The Netherlands has the highest gas price in the EU, FNV wants a price ceiling and higher wages

ANP

Last month, the Netherlands had the highest gas price of all countries in the European Union. This is evident from figures that news hour requested at price comparison site Energie Compare.

Dutch households paid 283 euros per megawatt hour (MWh) of gas in July, more than twice as much as the average EU household. Gas is also about half the price in neighboring countries Germany and Belgium. A month before gas in Sweden was even more expensive than in the Netherlands, but there too they paid less in July than with us: 237 euros per MWh.

Purchasing power crisis

Energy prices have been rising rapidly for some time due to the war in Ukraine. Also the food and rental prices rise sharply. Trade union FNV calls to raise wages and set a gas price cap. “There is a purchasing power crisis such as we have not experienced in decades,” says chairman Tuur Elzinga in news hour.

We also pay relatively much for electricity in the Netherlands: 419 euros per MWh, including taxes and a reduction in energy tax. Only in Italy and Denmark are prices higher.

An average household that has to renew its energy contract will lose about 3700 euros per year extra compared to last year, according to Energiecompare.nl. Budget advisor Nibud warns that one in three households will run into problems as a result. “Some just need to cut back a bit, but there is also a large group who can’t get by even if they budget well,” says Nibud director Arjan Vliegenthart. “And that’s worrisome.”

‘High prices also affect middle incomes’

People with a low income can 1300 euros energy surcharge to request. “That is not enough to keep people above water,” says Vliegenthart. “We see too many groups who structurally have too little income to make ends meet. Also workers.”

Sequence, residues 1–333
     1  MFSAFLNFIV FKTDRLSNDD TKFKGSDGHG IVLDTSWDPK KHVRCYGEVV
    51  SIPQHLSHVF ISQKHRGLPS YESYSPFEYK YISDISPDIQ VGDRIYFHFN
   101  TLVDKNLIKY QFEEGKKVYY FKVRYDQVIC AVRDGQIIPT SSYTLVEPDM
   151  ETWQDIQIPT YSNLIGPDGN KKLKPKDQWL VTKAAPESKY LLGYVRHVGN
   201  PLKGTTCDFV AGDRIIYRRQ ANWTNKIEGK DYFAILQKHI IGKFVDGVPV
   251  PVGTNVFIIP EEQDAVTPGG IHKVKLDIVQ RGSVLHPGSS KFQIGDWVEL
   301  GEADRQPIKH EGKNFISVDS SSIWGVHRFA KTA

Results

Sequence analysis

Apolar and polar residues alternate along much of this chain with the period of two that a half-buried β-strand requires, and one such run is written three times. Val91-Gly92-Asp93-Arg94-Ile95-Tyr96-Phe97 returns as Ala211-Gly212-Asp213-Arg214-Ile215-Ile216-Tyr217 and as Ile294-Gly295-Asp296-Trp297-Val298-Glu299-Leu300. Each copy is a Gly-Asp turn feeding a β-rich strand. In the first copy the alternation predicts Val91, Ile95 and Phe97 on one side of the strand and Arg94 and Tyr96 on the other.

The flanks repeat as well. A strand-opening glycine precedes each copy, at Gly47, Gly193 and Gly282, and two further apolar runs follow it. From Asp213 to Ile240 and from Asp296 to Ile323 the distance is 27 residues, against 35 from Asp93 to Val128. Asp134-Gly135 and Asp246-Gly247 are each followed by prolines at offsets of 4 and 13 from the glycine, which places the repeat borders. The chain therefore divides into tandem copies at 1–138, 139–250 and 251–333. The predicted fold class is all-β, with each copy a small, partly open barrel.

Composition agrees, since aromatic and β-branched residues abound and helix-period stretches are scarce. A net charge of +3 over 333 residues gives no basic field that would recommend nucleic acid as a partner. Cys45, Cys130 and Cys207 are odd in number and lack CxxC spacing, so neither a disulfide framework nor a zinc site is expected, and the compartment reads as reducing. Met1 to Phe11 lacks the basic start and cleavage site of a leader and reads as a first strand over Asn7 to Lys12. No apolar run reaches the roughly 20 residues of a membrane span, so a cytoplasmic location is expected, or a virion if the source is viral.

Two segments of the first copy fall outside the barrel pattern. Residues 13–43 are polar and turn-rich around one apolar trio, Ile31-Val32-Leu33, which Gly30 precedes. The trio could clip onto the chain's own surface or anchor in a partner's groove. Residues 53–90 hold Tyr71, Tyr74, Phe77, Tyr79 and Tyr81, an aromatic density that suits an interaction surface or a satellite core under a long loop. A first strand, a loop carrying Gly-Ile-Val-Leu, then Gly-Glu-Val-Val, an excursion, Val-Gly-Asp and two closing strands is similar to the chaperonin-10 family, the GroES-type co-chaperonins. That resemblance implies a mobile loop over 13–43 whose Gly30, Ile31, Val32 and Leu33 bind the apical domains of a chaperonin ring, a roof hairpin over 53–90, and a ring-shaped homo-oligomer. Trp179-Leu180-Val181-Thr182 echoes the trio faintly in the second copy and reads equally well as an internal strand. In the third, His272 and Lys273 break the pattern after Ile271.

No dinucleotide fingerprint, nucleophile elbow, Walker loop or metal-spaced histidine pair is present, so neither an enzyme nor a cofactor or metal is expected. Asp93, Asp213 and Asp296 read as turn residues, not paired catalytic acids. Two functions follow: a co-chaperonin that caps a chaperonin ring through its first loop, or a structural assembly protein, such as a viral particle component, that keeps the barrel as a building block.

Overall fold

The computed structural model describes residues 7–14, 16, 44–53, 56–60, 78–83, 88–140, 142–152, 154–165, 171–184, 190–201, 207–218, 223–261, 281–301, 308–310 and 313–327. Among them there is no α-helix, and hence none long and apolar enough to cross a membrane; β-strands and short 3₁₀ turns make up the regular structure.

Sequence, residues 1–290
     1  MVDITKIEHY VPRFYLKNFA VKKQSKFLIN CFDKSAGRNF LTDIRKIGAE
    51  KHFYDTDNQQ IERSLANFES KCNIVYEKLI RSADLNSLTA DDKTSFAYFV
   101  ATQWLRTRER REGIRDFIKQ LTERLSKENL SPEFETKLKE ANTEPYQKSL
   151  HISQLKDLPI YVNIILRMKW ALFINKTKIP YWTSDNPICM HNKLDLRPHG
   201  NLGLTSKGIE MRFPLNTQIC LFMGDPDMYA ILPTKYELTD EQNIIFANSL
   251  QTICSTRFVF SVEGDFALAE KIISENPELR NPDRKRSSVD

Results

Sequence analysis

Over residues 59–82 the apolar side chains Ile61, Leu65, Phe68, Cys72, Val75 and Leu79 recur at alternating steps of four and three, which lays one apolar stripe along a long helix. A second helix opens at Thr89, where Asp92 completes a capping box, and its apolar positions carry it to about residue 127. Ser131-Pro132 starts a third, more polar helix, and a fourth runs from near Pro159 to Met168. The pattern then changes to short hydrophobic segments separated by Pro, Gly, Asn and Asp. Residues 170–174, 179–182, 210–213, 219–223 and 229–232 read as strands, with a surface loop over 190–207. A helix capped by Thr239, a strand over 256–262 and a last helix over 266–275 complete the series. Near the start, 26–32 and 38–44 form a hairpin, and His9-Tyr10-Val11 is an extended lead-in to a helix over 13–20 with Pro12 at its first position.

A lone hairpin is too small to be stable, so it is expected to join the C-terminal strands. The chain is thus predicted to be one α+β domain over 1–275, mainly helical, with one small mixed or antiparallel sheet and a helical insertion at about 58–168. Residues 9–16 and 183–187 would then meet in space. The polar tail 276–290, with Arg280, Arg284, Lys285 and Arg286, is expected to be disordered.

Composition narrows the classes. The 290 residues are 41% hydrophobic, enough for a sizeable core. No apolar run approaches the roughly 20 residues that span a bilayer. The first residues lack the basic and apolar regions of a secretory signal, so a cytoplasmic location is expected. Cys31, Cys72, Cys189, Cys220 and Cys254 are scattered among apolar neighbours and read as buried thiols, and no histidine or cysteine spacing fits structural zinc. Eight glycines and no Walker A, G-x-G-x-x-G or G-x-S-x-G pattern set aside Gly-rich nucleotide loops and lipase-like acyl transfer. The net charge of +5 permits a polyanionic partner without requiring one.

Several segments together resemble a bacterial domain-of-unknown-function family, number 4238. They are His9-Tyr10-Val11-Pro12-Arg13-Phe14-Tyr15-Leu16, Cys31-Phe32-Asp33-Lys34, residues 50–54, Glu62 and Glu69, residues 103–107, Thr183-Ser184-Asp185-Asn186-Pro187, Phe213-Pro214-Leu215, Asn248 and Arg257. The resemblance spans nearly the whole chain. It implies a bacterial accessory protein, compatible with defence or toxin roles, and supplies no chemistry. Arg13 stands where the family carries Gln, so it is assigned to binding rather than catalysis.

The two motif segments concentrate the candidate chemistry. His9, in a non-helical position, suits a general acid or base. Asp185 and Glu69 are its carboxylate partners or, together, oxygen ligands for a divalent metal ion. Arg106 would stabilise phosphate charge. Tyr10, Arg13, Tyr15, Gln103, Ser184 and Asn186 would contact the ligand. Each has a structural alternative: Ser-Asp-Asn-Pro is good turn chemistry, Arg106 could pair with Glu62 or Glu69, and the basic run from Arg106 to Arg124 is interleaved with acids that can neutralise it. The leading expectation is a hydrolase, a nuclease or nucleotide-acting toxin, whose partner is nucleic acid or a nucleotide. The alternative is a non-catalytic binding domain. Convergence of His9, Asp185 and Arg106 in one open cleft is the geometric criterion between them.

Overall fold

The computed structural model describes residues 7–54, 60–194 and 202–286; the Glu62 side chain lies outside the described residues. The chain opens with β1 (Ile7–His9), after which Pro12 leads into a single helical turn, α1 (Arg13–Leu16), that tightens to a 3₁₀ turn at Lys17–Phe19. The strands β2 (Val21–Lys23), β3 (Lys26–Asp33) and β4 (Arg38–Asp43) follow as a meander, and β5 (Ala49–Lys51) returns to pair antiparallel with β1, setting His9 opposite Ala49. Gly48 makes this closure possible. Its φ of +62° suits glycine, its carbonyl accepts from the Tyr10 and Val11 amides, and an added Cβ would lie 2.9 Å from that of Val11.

The FNV also finds the scheme insufficient. “The target group is too small,” says Elzinga. “The rise in energy prices affects everyone, including people with a middle income. And a temporary supplement is not much of a benefit because inflation is permanent.”

Elzinga believes that employers and the government should take action, for example by raising wages “significantly”. The minimum wage will go into effect from next year up fasterBut that’s not enough, he says. He wants a minimum of 14 euros per hour, “and linked to this an increase in the benefit and the state pension”.

‘Companies make record profits’

In addition, he argues for the introduction of the price law, which would allow the cabinet to introduce a maximum price for groceries or energy. He does not think it is unreasonable that companies then have to lose turnover. “What we’re seeing now is that inflation is impoverishing citizens, while companies… record profits to make. There’s plenty of money, but that’s all with companies.”

Elzinga sees little point in a new social agreement in which unions make agreements with employers to repair the declining purchasing power. “We need a wage wave. We need a decent wage, and I think we have to take to the streets for that, that we have to take action for that. It is now really up to employers and politicians to get over the bridge. “

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